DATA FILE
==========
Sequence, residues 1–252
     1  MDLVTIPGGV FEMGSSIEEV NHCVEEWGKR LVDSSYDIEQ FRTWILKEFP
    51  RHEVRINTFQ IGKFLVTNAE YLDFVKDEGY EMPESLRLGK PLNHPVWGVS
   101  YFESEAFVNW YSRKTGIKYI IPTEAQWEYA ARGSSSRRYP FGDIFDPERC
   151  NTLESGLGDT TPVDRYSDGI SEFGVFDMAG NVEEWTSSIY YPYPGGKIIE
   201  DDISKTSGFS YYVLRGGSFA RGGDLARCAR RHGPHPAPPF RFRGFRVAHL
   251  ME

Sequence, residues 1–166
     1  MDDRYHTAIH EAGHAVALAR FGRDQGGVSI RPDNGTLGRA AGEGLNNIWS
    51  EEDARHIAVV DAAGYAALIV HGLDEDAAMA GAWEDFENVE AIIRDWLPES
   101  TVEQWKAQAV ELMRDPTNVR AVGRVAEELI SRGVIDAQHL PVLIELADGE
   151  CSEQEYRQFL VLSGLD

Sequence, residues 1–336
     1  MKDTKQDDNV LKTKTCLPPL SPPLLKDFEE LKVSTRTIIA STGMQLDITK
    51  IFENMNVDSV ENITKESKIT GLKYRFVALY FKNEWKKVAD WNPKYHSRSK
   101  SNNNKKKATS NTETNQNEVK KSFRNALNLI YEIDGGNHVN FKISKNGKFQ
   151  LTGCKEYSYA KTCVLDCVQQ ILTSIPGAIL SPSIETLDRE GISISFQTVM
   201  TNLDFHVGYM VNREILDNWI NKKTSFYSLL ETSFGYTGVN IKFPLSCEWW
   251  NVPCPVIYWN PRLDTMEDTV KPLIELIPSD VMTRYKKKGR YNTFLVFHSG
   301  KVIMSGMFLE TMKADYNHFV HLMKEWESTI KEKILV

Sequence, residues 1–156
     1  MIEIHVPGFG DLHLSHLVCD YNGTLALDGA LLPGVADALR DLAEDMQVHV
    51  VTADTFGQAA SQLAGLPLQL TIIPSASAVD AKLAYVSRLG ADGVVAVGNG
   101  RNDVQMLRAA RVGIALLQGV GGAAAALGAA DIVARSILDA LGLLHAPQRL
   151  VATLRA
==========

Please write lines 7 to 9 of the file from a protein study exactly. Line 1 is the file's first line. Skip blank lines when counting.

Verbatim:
   251  ME

Sequence, residues 1–166
     1  MDDRYHTAIH EAGHAVALAR FGRDQGGVSI RPDNGTLGRA AGEGLNNIWS